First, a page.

Presentation on theme: "Mike Demeo Nikhil Kapila April 11, 2014"— Presentation transcript:
1 Mike Demeo Nikhil Kapila April 11, 2014 Critical Care M&MMike DemeoNikhil KapilaApril 11, 2014
2 Morbidity & Mortality Conference It is for the department faculty and residents to peer review case(s) from the inpatient service.The primary objective is to improve overall patient care focusing on quality of care delivered, performance improvement, patient safety and risk management.This material is confidential and is utilized as defined in Connecticut State statute 19a-17b Section(4) for evaluating and improving the quality of health care rendered
3 Morbidity & Mortality Conference Goals:To review recent cases and identify areas for improvement for (all) clinicians involvedPatient complications & deaths are reviewed with the purpose of educating staff, residents and medical students.To identify ‘system issues’, which negatively affect patient careTo modify behavior and judgment and to prevent repetition of errors leading to complications.To assess all six ACGME competencies and Institute of Medicine (IOM) Values in the quality of care deliveredConferences are non punitive and focus on the goal of improved and safer patient careThis material is confidential and is utilized as defined in Connecticut State statute 19a-17b Section(4) for evaluating and improving the quality of health care rendered
4 Morbidity & Mortality Conference Every Defect is a TreasureThis material is confidential and is utilized as defined in Connecticut State statute 19a-17b Section(4) for evaluating and improving the quality of health care rendered
5 Every Defect is a Treasure Errors are due to:Processes – 80%Individuals – 20%Translate all error into educationThis material is confidential and is utilized as defined in Connecticut State statute 19a-17b Section(4) for evaluating and improving the quality of health care rendered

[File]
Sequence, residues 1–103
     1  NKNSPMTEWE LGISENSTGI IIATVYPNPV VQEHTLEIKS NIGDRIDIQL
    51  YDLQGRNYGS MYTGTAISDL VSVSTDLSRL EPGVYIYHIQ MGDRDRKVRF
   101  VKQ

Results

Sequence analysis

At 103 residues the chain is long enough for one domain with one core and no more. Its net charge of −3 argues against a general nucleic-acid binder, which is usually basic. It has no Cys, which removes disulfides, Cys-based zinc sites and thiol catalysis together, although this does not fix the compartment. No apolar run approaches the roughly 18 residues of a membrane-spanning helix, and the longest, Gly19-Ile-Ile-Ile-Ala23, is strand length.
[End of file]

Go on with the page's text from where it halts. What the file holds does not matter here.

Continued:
6 Learning Objectives-What is the role for DVT prophylaxis in patients with recent intracranial hemorrhage?What are the roles of thrombolytics and heparin in the management of PE?What are the other options in treating PE?EmbolectomyEKOS
7 VTE in patients with a history of ICH DVT has been reported in 2-15% of patients with ICHPE occurs in 1-5% of patientsUsually 2-4 weeks after onset of acute ICHRisk factors for VTE in patients with h/o ICHStroke severityWeakness/changes in level of consciousnessFemale sexAfrican Americans
8 Venous Thromboembolism Prevention in the Setting of Acute/Recent Intracranial Hemorrhage
10 VTE Prevention -Intermittent Pneumatic Compression Treatment with IPC devices are associated with lower rate of DVTShould be instituted immediatelyCLOTS 3 TrialOpen label, randomized study2876 patients with stroke. 322 with hemorrhagic strokeIPC use was associated with reduced risk of DVT at 30 days-6.7 % vs 17%No major adverse eventsIPC devices are associated with a greater incidence of skin breaks